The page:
An S.C. Senate panel quickly killed a proposal Tuesday that would have created a study committee to research the effects of cannabidiol oil — an active ingredient found in marijuana — on prison inmates with physical and mental illnesses.
The oil — used sometimes in place of prescription drugs — can be an effective treatment for people who suffer from epilepsy, schizophrenia and seizures, supporters say.
Originally suggested as a pilot program by state Rep. Mike Pitts, S.C. House budget writers adopted the proviso — or one-year rule — as part of the House’s 2018-’19 budget proposal in March.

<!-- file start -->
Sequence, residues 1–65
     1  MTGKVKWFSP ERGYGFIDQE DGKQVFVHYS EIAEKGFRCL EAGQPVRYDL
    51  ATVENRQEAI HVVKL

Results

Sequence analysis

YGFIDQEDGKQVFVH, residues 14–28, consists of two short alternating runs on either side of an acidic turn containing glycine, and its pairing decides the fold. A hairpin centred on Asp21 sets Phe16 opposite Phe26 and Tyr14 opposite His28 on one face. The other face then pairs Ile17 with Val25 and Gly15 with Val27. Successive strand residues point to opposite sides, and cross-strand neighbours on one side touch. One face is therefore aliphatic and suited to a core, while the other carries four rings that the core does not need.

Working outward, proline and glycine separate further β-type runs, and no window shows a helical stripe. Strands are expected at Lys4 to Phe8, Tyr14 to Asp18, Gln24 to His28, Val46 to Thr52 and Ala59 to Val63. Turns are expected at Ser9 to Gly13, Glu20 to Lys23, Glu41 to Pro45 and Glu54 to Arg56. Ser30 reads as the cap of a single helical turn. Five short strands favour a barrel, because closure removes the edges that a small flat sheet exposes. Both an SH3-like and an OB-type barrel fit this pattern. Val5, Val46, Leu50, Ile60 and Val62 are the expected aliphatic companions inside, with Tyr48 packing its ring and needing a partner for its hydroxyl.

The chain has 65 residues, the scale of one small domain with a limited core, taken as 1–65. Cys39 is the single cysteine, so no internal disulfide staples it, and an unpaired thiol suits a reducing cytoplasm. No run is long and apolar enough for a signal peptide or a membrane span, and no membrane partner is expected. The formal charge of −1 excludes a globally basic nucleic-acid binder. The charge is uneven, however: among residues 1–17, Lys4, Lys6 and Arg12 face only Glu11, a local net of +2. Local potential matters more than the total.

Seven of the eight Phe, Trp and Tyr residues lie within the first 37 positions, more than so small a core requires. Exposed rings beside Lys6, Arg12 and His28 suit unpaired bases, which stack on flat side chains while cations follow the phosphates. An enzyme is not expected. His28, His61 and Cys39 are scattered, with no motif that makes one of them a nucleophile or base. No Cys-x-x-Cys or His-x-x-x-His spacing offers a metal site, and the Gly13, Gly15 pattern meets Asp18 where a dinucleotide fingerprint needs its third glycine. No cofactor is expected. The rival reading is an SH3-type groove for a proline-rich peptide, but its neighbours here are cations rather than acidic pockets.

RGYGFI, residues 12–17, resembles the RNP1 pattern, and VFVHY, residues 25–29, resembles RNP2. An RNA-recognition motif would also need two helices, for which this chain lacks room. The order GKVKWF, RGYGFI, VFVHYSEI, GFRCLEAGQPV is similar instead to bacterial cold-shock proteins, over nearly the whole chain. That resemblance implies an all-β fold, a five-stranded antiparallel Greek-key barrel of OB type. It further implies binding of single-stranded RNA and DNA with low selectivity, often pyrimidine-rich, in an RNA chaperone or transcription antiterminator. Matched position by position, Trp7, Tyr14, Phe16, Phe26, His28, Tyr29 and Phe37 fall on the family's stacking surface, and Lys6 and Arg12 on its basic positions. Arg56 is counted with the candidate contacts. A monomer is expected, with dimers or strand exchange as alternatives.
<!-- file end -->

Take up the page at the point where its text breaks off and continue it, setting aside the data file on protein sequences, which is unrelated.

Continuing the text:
The proposal would have given the S.C. Department of Corrections authorization to start a pilot program to study the oil’s effects. The program was to be voluntary, and inmates would not have been forced to join it, the Laurens Republican said.
However, the idea never was supported by the state Corrections Department, which did not ask for it.
“I thought it was a joke,” state Sen. Shane Martin, R-Spartanburg, who chairs the Senate’s criminal justice subcommittee, said Tuesday.
Currently, the use